Iron Man is back on the screen this week, and I recently got to sit down and discuss the sequel with director Jon Favreau and actors Robert Downey Jr., Gwyneth Paltrow, and Scarlett Johansson. Downey arrived in full Tony "I've come to entertain you" Stark mode, including wild, product-supported hair, a piratical goatee, and one amazingly well-cut suit, while Paltrow and Johansson ... well, we'll get to them tomorrow when the ladies of Iron Man 2 join the mix. For now, this conversation will remain an exclusive boy's club as Jon and Robert, who have about as much fun ribbing one another as brothers, tackle a few questions for us about the production, what's coming next for Iron Man and Robert, and ... er ... Jon's expanding girth.
***Warning, slight spoilers***
Cole Haddon: Jon, Robert, what kind of pressure did you guys feel, if any, following up such a massive and fan-beloved blockbuster? I mean, it made a boatload and, more importantly, became the bedrock upon which Marvel Entertainment is building a sprawling cinematic world.
Robert Downey Jr.: Do you mean feel like it's past tense? I didn't sleep last night. Jon?
Jon Favreau: I've never done a sequel before. Um, unless you count me playing an "Under Five" in Batman Forever. For me there wasn't the same pressure that you're used to feeling. [The first time around, you're] throwing a party and you don't know if people are going to show up. Here, we knew people were going to show up, and we just wanted to make sure everyone had a good time, and it was just going to be as fun or more fun than the last party. So, different kind of pressure.
CH: Robert, you're working with a lot more actors (including Don Cheadle, Mickey Rourke, Sam Rockwell, and Scarlett) than you did in the first movie. What was that new dynamic like? How do you swing managing so many new relationships on a set?
RDJ: It was great. I mean, cause these are all folks that I would be happy to work with in any circumstance and in any medium, so it was just swell. As for the management of it, cause I am a little, I don't want to say neurotic, but a little bit like a co-manager of a baseball team that just got an even better lineup in the spring, so I felt a little beholden to be partially responsible for their experience.
CH: Jon, it's pretty well-known that, on the set of the first Iron Man, you discovered a lot about the movie as you shot. Scenes evolved very quickly in the moment. Improvisation. How much did you discover this time?
JF: The story is always very flushed out. The story, what has to be happening in each scene, we understand. We leave a lot of room within those scenes, and try to do multiple cameras sometimes, and stay up and rewrite, and [the screenwriter] Justin Theroux, you know, he was doing multiple passes, sometimes double-digit passes on scenes because we learn things on each scene that we shoot. And what's nice about having [these] actors is they're all very good stewards of their characters, emotionally, and they're used to being in films where you don't have the safety net of the high technology and the explosions. And so if they have an issue with something we're asking the character to do for the story, we discuss it and we figure out a way it can work for them as a performer and also for the movie.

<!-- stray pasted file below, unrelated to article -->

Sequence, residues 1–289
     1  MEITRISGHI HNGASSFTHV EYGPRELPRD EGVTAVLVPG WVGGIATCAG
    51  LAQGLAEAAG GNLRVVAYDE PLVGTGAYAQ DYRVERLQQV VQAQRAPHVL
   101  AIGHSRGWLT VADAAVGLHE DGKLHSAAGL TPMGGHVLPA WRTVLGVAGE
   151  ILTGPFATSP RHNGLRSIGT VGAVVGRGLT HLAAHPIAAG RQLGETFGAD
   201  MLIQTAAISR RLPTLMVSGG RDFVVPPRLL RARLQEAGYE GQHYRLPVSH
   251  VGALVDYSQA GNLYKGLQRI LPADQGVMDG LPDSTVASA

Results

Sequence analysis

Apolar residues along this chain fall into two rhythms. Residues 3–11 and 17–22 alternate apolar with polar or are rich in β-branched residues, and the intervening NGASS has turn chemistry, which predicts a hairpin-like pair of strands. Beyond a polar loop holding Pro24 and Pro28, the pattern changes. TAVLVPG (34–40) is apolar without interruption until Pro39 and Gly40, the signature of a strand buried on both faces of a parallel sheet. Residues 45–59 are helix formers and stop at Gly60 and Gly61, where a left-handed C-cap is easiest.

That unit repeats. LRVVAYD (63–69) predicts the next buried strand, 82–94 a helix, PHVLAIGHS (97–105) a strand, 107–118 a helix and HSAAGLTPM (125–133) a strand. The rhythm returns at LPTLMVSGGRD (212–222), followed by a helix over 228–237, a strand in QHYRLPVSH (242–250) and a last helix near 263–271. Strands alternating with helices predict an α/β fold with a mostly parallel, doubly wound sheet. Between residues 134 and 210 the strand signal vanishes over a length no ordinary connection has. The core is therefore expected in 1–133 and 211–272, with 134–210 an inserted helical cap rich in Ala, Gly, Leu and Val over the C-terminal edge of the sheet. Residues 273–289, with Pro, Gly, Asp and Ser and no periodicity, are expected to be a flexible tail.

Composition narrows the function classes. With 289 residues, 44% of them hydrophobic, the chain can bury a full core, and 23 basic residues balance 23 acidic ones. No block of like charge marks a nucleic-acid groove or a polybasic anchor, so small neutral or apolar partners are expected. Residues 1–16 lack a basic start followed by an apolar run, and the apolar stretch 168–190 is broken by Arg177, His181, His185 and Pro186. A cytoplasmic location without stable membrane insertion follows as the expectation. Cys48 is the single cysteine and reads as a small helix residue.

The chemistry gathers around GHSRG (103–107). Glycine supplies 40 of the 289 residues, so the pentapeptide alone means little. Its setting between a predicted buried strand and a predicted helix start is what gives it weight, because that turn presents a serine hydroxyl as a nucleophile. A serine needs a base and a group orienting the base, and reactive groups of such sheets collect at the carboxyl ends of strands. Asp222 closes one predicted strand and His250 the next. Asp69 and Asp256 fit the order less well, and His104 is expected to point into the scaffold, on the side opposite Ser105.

CH: And was it difficult to balance Tony Stark's story while trying to feed in stuff that feeds into the nascent Avengers franchise that will collect heroes like Iron Man, Thor, the Hulk, and Captain America into one flick? For example, shoe-horning in the Nick Fury (Samuel L. Jackson) stuff?
JF: Ah well, let's see, the characters trick is to feather them in, so they don't overwhelm the story and we, you know, suffer from villainitis. And so by having Justin Hammer and Mickey Rourke's character come together fairly early, you really have two storylines that are weaving; you don't have five separate storylines. The same thing with Scarlett as Black Widow working her way into Gwyneth and Robert's story. So we really try to keep narrative flows going that don't get too convoluted. Cause I would lose track of that stuff. I get, especially in sequels, as the franchise is getting more complex, I don't always remember what happened in the last movie. Not for nothing, I like to watch the stuff blow up, but I'm not going to go do homework before I go see a sequel, to be up on everything. And so we tried to keep that simple.
CH: By the way, Jon, your glorified extra role as Happy Hogan, Tony Stark's driver, was expanded substantially for the sequel. So why'd you decide to move in on the action yourself?
RDJ: [Interrupting Jon, grinning mischievously] Yes, let's talk about Happy Hogan. There are three Happy Hogans in the movie. The Jon Favreau that was in excellent shape, he was boxing every day in pre-production and made it into the ring for the scene where he gets his ass handed to him by Scarlett. It was originally a longer scene [before they cut it], and maybe he was just too emasculated to let it be in the movie, but I think Scarlett laid the boots to him quite severely.
And then about midway, he's struggling with a megafast, occasionally, but I gotta get back in...
JF: [Laughing] Can I have my question back?
RDJ: By the time we were doing reshoots, they were framing him out of shots. But here's the thing, though: [That] is one of the things that I love about Jon.
JF: Here we go. Kiss me on my cheek after you're done with me. Give me a dollar and a towel, and walk me to the lobby.
CH: Speaking of roles ... Robert, any truth to the rumor that you're going to be playing Vampire Lestat?
RDJ: Yeah, anything that's going on, just imagine that it's been offered to me.